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modalities

Learn more about how you can benefit your overall well-being.

The following are some complementary modalities that we offer in the Center for Wellness. The National Center for Complementary and Alternative Medicine is an additional source of up-to-date information for these and other complementary modalities.

Acupuncture

One of the oldest medical traditions, acupuncture involves stimulation of anatomical points on the body. Stimulation most commonly involves penetrating the skin with hair-thin, solid, metallic needles that are manipulated by the acupuncturist. People report different experiences, though most individuals report little or no pain. In fact, many people report feeling either energized or pleasantly relaxed following a treatment. Acupuncture is designed to restore a state of balance to the body by unblocking vital energy that according to traditional Chinese medicine flows through the body along energy meridians. Western medicine has not fully explained how acupuncture works, but it has been proposed that acupuncture might help regulate the nervous and immune systems of the body.

Frequent Uses

  • Chronic and acute pain control
  • Nausea and vomiting related to chemotherapy
  • Addiction
  • Stroke Rehabilitation
  • Headache
  • Menstrual Cramps
  • Fibromyalgia
  • Myofascial pain
  • Osteoarthritis
  • RSI
  • Asthma

Contraindications

Individuals who are pregnant, have a pacemaker or heart condition, have a seizure disorder, skin infection, or those with a bleeding disorder or taking blood thinners should discuss this with their physicians and/or acupuncturist before proceeding with acupuncture. While acupuncture is sometimes used to treat symptoms in cancer patients, it should not be used in lieu of standard medical treatment. Individuals should not receive acupuncture while intoxicated.

Practitioner Training

Licensure and training standards vary by states. In Massachusetts acupuncturists must be licensed by the state. Licensure requirements include successful completion of at least 2 years of undergraduate study (including coursework in biology, physiology, and anatomy), at least 1350 hours of clinical instruction in acupuncture, training in herbal medicine, and the comprehensive state licensing examination. All acupuncturists at the Center for Wellness are licensed by the state of Massachusetts.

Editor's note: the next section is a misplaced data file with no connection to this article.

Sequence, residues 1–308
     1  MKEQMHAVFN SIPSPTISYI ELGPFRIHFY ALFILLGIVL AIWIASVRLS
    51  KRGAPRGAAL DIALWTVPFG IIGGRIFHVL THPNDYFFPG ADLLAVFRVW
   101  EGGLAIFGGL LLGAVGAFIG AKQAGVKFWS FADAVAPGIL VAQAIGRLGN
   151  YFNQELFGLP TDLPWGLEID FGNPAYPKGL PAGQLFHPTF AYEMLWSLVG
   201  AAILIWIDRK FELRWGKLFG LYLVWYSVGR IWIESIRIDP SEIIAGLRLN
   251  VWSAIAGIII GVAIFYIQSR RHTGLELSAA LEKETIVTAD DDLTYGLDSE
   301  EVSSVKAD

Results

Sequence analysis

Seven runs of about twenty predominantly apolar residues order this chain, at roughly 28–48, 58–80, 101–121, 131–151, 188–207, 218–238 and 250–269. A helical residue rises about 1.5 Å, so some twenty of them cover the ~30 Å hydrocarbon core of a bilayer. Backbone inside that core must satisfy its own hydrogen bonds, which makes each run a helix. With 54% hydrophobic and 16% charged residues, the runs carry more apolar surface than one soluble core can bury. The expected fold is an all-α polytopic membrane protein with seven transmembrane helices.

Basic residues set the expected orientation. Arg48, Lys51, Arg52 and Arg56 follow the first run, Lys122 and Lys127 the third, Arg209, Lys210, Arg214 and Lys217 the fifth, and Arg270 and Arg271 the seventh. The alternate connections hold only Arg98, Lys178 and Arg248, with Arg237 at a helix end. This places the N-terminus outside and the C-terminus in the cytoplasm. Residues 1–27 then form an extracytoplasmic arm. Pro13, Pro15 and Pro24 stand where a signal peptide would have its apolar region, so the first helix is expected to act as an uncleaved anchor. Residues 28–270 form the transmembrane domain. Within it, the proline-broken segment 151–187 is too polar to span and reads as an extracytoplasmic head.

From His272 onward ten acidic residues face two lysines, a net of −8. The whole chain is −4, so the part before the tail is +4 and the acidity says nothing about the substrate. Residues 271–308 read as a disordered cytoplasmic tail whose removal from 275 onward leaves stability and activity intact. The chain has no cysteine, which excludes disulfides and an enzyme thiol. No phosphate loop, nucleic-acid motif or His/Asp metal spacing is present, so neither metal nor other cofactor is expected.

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Massage Therapy

This method includes an assortment of manual therapies that manipulate the soft tissue of the body in order to reduce tension and stress, increase circulation, aid the healing of muscle and other soft tissue injuries, control pain, and promote overall well-being.

Frequent uses

  • Muscle Spasms and Swelling
  • RSI
  • Soreness related to injury and stress
  • Whiplash
  • Tension-related Respiratory Disorders
  • Body Motion Improvement
  • Neurological and Gynecological Problems
  • Acute and Chronic Pain
  • High Blood Pressure
  • Flexibility
  • Anxiety and Depression
  • Stress Reduction
  • Spinal Curvatures, i.e. Lordosis, Scoliosis
  • Headaches
  • TMJ Disorders
  • Posture Correction
  • Adjunct Treatment - Cardiovascular Disorder
  • Pregnancy
  • Digestion and Intestinal Function
  • Fibrosis and Adhesion to Muscles and Tissues
  • Skin Conditioning Improvement
  • General Well-being

Contraindications

  • Fever or Temperature that exceeds 99.4 Degrees
  • Severe Colds
  • Bacterial Infection
  • Aneurysm
  • Edema
  • Acute Infectious Disease, i.e. Strep throat
  • Influenza
  • Osteoporosis
  • Hematoma
  • Intoxication

As always, individuals should consult with their physician before entering a program, if they are being treated for a particular injury, disease, or disorder.

Practitioner Training

The National Certification for Therapeutic Massage and Bodywork has established the recommended standard educational requirement to be the equivalent of 500 hours of training, including the subjects of anatomy, physiology, pathology, various massage techniques, and ethics. Many schools require more than this standard of hours. The therapist also has to be licensed by the state of Massachusetts.

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Reiki

Pronounced “ray-kee,” Reiki is an energy medicine practice in which the practitioner places her/his hands on or near the person receiving the treatment, with the intent to transmit ki, or a life-force energy. Reiki is an ancient practice that originated in Japan and although not scientifically proven, many individuals find Reiki improves the flow and balance of the body’s energy. Many individuals receive Reiki on its own or in combination with other therapies, such as massage. Typically, individuals receive Reiki fully clothed and in a comfortable position either sitting or lying down. 

Frequent uses

  • Stress reduction
  • Chronic pain
  • Recovery from surgery
  • Management of chemotherapy side effects
  • Lowering heart rate
  • Enhancement of immune function
  • Improved mental clarity
  • Increased sense of well-being and spirituality

Contraindications

Reiki appears to be generally safe for most people. Some advise that those with serious psychiatric problems should avoid receiving Reiki treatments unless symptoms are well-managed.

Practitioner Training

There is no one specific list of credentials or training requirements for Reiki practitioners. Students of Reiki must receive training from a Reiki teacher or Reiki master. Licensing requirements vary by location. All Center for Wellness Reiki practitioners are also licensed massage therapists, licensed by the state of Massachusetts.

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Shiatsu

Using a Japanese technique, this therapy is similar to acupressure. This Asian healing art uses finger and palm pressure, stretches, and massage techniques to treat pain and illness, reduce stress, and maintain health. Those who receive shiatsu report renewed vitality and deep feelings of wellness and relaxation. Finger and thumb pressure on precise body points is used to encourage the proper flow of Chi, a vital force of energy believed to circulate through the body. It aims to restore balance.